The employee who has lots of ‘doctors appointments’ at inconvenient times during the day. You may want to make some further enquires with the employee about the number and reasons for the appointments (is there an underlying medical condition?) and also to discuss whether appointments can be made for a more appropriate time.
The employee who has been off for six weeks. In this situation you may want to consider requesting the employees consent to write to their doctor for a medical report in order to clearly understand the reason for their absence and when they may return (or arrange for them to see your occupational health advisor if you have one).
The employee who is off on a regular basis for the same or similar reasons. This may indicate an underlying medical condition and you may want to refer them to your occupational health advisor or request a medical report.
The employee who has not taken any holiday during the year. You may wish to remind them to book some holiday dates (as it is a health and safety requirement that they take at least four weeks off per year).
Note: the above should generally be discussed with ‘HR’ or HR Advisors to ensure any appropriate procedures are followed.
6. Consider Terms of Employment and Bonus Schemes – Your terms and conditions of employment should support your objectives for managing absence. You should consider the following:
Have a clear absence reporting procedure (see above) and be clear about how failure to follow the procedure may affect the employee (e.g. non-payment, disciplinary action).
Be clear about what payments an employee will receive during periods of absence and the different payments (or non-payment) that might apply in different situations e.g. smaller organisations may only pay SSP; there may be different payment terms set out for short term and long-term sickness; consider payments relating to attending appointments during working hours, emergency leave, compassionate leave etc.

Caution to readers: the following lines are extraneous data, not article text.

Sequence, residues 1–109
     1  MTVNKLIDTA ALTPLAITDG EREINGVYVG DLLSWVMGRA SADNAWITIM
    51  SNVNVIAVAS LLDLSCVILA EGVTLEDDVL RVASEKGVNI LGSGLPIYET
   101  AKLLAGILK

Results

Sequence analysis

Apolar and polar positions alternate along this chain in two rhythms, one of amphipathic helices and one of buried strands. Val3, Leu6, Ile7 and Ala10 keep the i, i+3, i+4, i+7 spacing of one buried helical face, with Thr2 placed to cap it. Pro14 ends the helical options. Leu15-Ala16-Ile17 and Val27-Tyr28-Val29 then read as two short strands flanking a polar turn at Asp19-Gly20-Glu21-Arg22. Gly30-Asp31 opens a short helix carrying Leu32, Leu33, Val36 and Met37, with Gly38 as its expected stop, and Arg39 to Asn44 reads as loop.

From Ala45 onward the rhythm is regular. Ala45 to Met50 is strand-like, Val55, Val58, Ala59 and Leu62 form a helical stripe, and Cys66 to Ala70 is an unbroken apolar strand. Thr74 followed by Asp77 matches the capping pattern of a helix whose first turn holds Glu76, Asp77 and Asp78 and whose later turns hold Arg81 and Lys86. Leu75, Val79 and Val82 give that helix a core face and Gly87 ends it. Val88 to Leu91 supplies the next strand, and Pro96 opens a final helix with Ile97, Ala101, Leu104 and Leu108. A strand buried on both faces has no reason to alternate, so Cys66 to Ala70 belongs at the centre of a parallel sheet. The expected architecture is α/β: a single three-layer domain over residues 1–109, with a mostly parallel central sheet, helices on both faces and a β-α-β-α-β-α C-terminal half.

Ensure your contract of employment allows you to request a medical report from employees (employees will still have to give their consent, but you will at least have a contractual right to request this).
Many organisations offer a bonus scheme linked either exclusively or partly to attendance. This rewards the behaviour that you want to encourage – i.e. attendance at work. However any such scheme must be clearly documented and consideration must be given to any legal implications such as discrimination e.g. Disability. There are however many different bonus schemes that can be designed to reduce absence.
7. Company Doctor / Occupational Health Advisors – Having a Doctor or Occupational Health Advisor appointed by the Company can be of assistance in managing absence. Employees can be referred for a number of reasons. It can also support a general well-being programme. A company appointed medical advisor may therefore assist with:
Medical reports associated with long-term absence or frequent short term absence where there may be an underlying medical problem
Advice on how to support an individual’s return to work (e.g. reasonable adjustments under the Equality Act, return on shorter hours)
Health and Safety issues (e.g. a medical opinion on whether an employee on certain medication should be driving?)
General medicals and preventative health care.
8. Health Care – This is a valuable benefit to any employee, but there is also a good commercial reason to provide employees with health care. Generally an individual with health care can be seen and treated more quickly. This in turn means that
they are not ‘worried’ and ‘distracted’ for such a long period and
they will be treated and return to work in a shorter period of time. This is a benefit to both the employee and the organisation.
9. Pro-active Management – A pro-active way to reduce absence is to look at prevention. This can be achieved by considering a range of well-being programmes. These can take many forms and can have a range of results (including increasing productively as well as reducing absence). Some initiatives that have been used include:
Health education in the workplace
Considering the type of food and drinks offered in the workplace
Encouraging ‘healthy’ social events
Providing employees access to medical or other professionals as appropriate (e.g. some offices offer a neck and head massage at your desk)
Offer flu jabs
Lunchtime fitness sessions
Offering gym membership.
10. Have a written Absence Policy Document – Once you have decided on your absence management strategies, these should be clearly documented and communicated so that employees and management are clear about the objectives, processes and procedures that make up your absence management policy. The document should be reviewed on an ongoing basis to make sure it continues to meet the organisation’s objectives for managing absence.